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About Fred Sampson

Fred has been associated with the foodservice industry all of his life. His late father, George Sampson, was considered one of the country’s most outstanding Maitre D’s, a position he held at various hotels including the Bellevue-Stratford in Philadelphia. Fred’s father and mother were involved in a small restaurant in Philadelphia and it was here that Fred worked after school and weekends learning the basics. He continued working in the restaurant until he was introduced into the Army in 1945. He immediately was assigned to the Food Service Department where he directed the Officer’s Mess and Club at the Indiantown Gap Military Reservation in Pennsylvania. In 1946 he was transferred to the Caribbean Theatre where he was again responsible for the food service of an Air-Sea Rescue Unit attached to the Air Force.

Upon his discharge in the spring of 1947, he planned to attend college at Columbia University to receive a journalism degree, however, due to internal problems with the family business, he returned to assist his father in managing the restaurant. In 1948, he met his wife, Shirley, and in a little less than 2 years they were blessed with two sons, Steven and Rick. In 1950 the family business was sold which lead Fred to pursue a career in the foodservice industry. His first outside employment was with the old Slater System, the forerunner of Automatic Retailers of America. In 1952 he was appointed Director of FoodService for the Central WMCA’s of Philadelphia. He stayed until 1955 when he accepted the position of Director of Food Service for Temple University, also located in Philadelphia.

In 1956, due to his tremendous interest as an active member of the Philadelphia and Pennsylvania Restaurant Associations, the State Association appointed him Executive Vice-President. During his tenure with the Pennsylvania Restaurant Association, their membership grew from 618 to 1125 members. He helped establish four additional chapters and assisted in the development of a very formidable legislative action group.

In 1959 he decided to return to the foodservice industry and accepted the position as Vice President and General Manager for the Dutch Pantry Chain which at that time consisted of about 25 outlets in Pennsylvania and Florida. After almost two years with the Dutch Pantry, Fred found that he missed the tempo, diversity and challenge of the trade association field, so in 1961, when Janet Daniels retired as Executive Vice President of the New York State Restaurant Association, Fred accepted the offer to come to New York to take over. By this time Fred and Shirley were blessed with two baby girls, Debbie and Melissa.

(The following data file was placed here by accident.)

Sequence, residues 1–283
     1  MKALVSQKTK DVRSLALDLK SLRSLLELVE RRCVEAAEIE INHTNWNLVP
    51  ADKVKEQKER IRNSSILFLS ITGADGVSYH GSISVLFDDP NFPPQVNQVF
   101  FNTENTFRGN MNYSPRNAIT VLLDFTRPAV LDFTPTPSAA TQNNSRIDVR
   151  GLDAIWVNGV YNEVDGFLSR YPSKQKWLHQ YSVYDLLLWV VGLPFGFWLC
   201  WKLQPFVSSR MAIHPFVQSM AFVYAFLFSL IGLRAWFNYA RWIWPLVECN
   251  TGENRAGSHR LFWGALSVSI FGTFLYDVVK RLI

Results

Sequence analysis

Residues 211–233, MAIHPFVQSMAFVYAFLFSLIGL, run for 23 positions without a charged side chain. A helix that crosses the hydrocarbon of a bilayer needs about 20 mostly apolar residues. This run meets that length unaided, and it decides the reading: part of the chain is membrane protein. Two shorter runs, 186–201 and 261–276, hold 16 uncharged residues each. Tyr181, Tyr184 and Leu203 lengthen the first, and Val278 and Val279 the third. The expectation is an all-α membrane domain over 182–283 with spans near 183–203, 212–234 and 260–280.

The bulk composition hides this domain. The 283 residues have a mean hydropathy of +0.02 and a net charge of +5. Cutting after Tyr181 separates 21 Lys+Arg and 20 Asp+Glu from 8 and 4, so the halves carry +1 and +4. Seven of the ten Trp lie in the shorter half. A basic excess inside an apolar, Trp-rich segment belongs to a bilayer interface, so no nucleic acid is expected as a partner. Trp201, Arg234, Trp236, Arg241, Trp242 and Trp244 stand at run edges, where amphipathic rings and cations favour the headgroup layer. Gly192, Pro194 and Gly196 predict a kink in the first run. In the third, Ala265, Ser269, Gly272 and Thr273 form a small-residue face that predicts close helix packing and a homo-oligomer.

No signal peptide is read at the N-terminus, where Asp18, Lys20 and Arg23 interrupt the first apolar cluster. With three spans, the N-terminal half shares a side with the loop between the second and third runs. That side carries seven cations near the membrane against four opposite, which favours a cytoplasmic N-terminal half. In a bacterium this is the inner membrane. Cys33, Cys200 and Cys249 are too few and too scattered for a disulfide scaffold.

NYSRA was mostly a downstate organization. Fred’s first assignment was to do something about it and through the tremendous support of the Board of Directors, things started to happen. The Westchester County Restaurant Association merged with the State Association, a Chapter was then started in the Southern Tier, Mid-Hudson and Syracuse areas. By the time the Association opened its first convention and exposition in Syracuse in June of 1965, the Association’s membership had gone from 220 to 700 and from one chapter in New York City to 8 chapters, which now included Chautauqua, Rochester, and the Long Island Caterers Association.

The last 20 years have seen the growth and influence of the Association prosper. Its voice in the legislative forums at the city, county, state and federal levels now listened with great respect. Its credentials with government agencies and the industry at large are impeccable. Most important, its credibility with its membership is excellent. It truly is the voice of the restaurant industry in New York State. The Association now has 15 chapters across the state, as well as three business offices and membership is up to 7,500. Fred realizes that without his patient wife, Shirley, who tolerated his traveling almost 30,000 miles per year throughout the state that he could not have enjoyed these past thirty-five years. The Sampson’s now reside in Belvidere, New Jersey.


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